No, you can’t.
Then again, of course you could. Let’s start with some limits:
- We’re only going to talk about Automatic External Defibrillators – these are they type your get to practice with when you come to class (or class comes to you). What doctors do with other types of defibrillator is not the topic for this post.
- In class, you’ll use training devices. Certainly the ones we use in class are not capable of giving a shock at all. There’s no current to do that. In fact they tell you so in various languages, so that you don’t try using one ‘for real’ by mistake.
3 situations with live AEDs
So, if you got hold of a real, live, fully charged defibrillator, could you shock yourself?
Let’s imagine 3 situations:
Firstly, say your kids get hold of a defibrillator and put the pads on, say, their hands or feet or something. Not sure why they’d have access to the device, but for the sake of argument they do. Then no, the machine will be somewhat ‘confused’. It won’t be able to detect any kind of heart rhythm and will not deliver a shock.
Next, let’s imagine you are practicing with an AED in some situation. You have your buddy as a practice partner and put the pads correctly in place. You turn on the device and let it walk you through the steps. Could you shock him/her? Still ‘no’ – the AED will detect the living heart-beat and won’t deliver a shock.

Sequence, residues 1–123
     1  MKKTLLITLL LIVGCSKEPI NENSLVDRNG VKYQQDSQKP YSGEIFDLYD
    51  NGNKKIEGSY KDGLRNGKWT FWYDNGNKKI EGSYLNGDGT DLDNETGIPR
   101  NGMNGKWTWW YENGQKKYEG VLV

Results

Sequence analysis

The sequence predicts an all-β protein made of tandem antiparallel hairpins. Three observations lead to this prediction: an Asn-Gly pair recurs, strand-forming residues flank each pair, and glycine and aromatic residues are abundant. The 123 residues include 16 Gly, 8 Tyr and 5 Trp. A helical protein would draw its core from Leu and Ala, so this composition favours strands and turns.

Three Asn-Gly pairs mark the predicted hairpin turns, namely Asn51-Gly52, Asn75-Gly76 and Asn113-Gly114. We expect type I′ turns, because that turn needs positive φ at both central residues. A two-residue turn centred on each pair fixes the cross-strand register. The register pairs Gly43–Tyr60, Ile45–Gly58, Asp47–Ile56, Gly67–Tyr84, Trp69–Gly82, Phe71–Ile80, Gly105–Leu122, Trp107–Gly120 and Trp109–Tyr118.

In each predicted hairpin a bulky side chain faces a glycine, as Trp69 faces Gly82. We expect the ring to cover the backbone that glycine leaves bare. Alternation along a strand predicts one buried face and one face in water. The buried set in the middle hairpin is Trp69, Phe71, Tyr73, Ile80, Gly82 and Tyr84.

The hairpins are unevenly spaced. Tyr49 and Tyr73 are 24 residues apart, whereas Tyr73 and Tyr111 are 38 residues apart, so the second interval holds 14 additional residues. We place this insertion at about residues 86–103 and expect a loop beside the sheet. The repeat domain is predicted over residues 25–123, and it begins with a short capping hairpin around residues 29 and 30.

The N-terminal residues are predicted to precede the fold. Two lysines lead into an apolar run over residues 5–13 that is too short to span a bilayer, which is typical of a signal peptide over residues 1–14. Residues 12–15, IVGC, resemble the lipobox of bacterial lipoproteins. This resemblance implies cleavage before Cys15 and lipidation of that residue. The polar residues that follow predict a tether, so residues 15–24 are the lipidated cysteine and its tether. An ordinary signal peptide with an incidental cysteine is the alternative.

Finally let’s assume you have a casualty who needs CPR and an AED. You’ve been through all the steps we taught you in class and have attached the AED and turned it on. It tells you the person needs shocking and charges up….
‘I got careless’
Now, if you’re careless, you might happen to be touching the casualty. Of course we teach you in class to make sure that no-one (including yourself) touches the person when a shock is delivered….. still, here’s what happened to a local Paramedic. He told this story while assessing our training this summer (we passed!):
“I guess I was in a hurry. I had done lots of these before and this time I was less careful than usual. Somehow my leg was in contact with the person when I pressed the shock button. It threw me across the room until I hit the wall. I couldn’t walk on that leg for several days.”
So there you have it – just about the only situation in which you could defib yourself. Only, don’t do it. Apparently it hurts.
If you need an AED
Finally, if you’re in a situation where you need one yourself (we have been asked this in class!) then no, you can’t apply it to yourself. You’ll be unconscious and without a heart-beat. Best hope you brought friends and family along to your training session as well. Book a course now – you may be glad you did.